In the realm of AI software, the most important thing is the R&D of the AI software framework. Right now, most AI software applications are built on top of open source software (OSS) frameworks, while the current most popular AI OSS such as Tensorflow, CNTK, and Caffe, are developed by US companies.
Figures show that over 93% of AI OSS used by Chinese researchers are developed by US companies.
Figures show that over 93% of AI OSS used by Chinese researchers are developed by US companies. Clearly, the US is in the lead when it comes to AI software, albeit China is also developing rapidly in this sector.
Core AI hardware includes graphics processing units (GPUs) being widely used in neural network training and logic; tensor processing units (TPUs) using specialised frameworks to achieve higher efficiency than contemporaneous central processing units (CPUs) and GPUs; field-programmable gate arrays (FPGAs) that can support large-scale parallel processing with low inference latency and variable precision; and new specialised AI chips including neuromorphic chips, near-memory computing chips, and in-memory computing chips.
AI hardware is highly dependent on the semiconductor industry. The US is a leader when it comes to many core semiconductor designs and manufacturing technologies.
Although China has made rapid progress in recent years in AI hardware R&D, overall China remains weak in terms of core semiconductor designs and manufacturing, especially in the areas of electronic design automation (EDA) and core intellectual property, and semiconductor manufacturing equipment (SME). It is highly dependent on the US, Japan and other Western countries. AI hardware is a key bottleneck in China’s AI development.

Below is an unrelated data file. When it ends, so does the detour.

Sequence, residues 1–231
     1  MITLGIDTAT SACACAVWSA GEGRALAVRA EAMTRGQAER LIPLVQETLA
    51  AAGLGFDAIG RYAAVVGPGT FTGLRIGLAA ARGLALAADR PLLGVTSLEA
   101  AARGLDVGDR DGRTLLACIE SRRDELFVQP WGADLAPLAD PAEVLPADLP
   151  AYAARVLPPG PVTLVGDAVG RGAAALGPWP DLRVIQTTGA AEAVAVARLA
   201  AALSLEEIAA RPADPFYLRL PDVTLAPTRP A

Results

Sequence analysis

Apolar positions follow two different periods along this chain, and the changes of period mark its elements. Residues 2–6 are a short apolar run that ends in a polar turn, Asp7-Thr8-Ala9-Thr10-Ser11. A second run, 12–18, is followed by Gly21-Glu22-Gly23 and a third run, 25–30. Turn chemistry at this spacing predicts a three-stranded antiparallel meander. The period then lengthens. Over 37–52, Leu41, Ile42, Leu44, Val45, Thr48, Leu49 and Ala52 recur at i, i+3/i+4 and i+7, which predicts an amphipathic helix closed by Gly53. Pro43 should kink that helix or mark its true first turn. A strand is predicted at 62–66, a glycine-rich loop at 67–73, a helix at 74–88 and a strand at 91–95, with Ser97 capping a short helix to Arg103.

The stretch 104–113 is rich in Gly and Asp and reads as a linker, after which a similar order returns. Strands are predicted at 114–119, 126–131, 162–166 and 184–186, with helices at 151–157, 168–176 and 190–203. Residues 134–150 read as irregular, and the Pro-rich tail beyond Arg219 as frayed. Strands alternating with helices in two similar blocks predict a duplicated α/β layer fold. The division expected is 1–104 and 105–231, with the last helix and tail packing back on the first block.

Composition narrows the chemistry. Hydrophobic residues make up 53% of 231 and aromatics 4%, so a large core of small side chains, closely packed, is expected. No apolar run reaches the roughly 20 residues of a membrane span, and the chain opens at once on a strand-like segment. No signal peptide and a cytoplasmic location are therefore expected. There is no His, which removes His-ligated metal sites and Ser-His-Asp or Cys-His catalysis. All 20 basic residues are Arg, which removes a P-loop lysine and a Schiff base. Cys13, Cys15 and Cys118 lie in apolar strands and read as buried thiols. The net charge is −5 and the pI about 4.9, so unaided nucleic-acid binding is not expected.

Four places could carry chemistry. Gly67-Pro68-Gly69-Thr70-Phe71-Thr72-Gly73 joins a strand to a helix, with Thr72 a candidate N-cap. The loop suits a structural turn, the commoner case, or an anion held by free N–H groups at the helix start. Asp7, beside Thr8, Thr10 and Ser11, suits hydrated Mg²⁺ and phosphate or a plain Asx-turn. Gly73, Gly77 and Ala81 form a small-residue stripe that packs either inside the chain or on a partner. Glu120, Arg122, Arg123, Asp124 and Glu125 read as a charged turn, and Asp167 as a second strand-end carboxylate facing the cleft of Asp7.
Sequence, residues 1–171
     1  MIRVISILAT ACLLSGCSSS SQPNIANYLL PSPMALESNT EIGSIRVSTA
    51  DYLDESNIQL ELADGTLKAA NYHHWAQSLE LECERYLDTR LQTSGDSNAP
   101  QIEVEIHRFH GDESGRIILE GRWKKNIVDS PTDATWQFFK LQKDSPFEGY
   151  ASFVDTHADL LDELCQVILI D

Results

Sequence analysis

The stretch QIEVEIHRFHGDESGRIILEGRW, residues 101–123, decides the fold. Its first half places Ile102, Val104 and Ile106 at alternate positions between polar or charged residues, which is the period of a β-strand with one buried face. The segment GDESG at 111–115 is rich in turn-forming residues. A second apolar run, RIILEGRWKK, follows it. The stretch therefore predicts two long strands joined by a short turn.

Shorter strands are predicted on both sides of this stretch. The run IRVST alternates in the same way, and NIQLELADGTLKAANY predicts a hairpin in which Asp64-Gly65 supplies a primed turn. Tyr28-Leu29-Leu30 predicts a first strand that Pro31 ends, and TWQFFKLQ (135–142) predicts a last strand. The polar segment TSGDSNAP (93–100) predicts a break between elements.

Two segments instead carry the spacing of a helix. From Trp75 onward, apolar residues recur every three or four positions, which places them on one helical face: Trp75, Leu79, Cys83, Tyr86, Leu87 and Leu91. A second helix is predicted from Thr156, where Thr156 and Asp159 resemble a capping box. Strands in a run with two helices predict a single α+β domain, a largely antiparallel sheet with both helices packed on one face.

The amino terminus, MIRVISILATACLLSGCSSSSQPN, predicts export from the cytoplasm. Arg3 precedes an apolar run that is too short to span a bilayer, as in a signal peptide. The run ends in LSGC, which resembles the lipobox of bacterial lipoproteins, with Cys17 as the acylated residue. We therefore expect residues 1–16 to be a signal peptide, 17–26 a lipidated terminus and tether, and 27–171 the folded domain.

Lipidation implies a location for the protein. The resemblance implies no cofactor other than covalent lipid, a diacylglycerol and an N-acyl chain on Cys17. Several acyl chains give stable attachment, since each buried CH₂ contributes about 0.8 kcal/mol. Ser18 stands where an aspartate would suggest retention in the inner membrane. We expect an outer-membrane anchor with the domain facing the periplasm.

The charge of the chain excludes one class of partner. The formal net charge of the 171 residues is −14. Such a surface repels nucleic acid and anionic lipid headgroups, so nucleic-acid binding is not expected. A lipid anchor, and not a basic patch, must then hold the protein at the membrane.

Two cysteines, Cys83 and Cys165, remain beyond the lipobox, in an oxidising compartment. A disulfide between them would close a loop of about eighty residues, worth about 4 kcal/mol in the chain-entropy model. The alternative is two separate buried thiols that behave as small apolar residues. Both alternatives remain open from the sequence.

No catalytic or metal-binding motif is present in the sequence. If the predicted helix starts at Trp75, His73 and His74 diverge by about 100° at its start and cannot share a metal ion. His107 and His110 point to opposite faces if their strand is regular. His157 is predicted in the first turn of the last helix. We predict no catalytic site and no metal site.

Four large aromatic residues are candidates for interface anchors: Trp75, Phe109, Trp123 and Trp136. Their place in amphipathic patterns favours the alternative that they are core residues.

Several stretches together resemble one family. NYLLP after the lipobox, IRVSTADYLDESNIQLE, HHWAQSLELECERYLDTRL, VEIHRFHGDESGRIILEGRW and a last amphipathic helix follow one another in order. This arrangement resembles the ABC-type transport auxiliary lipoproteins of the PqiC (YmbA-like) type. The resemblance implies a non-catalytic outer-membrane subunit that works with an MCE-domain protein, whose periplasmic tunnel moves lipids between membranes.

Talent is a key factor in AI competition. In 2019, Element.AI analysed 36,524 AI talents using the LinkedIn database, and released its Global AI Talent Report. According to the figures and analysis, the US is highly attractive for global AI talent, with about 46% of global AI researchers working there, about four times as many as the 11% that China attracts. The main reason is that China’s AI R&D environment was established later, and many of China’s young talents go overseas after graduating from Chinese universities, especially to the US, to continue their postgraduate studies.
29% of AI researchers in the US have university degrees from China, but most of them (56%) stay in the US to work after getting their postgraduate degrees...
Research by the Paulson Institute shows that 29% of AI researchers in the US have university degrees from China, but most of them (56%) stay in the US to work after getting their postgraduate degrees, which shows that much of the US advantage in terms of AI talents lies in it attracting and bringing in international talents. From another perspective, we also see that the AI sector in the US is also dependent on foreign students and researchers.
In recent years, with policy support from the Chinese government and the strengthening of domestic companies and institutions in China, there has been an uptick in returning talents in China’s AI sector, which is very important for China’s long-term competitiveness in the AI sector.
In summary, while China has made astonishing progress in the AI sector over the past decade or so, and leads the world in some areas such as AI applications, compared to the US, there is still a sizeable gap in China’s overall competitiveness in the AI sector. In particular, China lacks competitiveness in basic AI research and hardware, which can be said to be a key bottleneck that is limiting China’s AI development.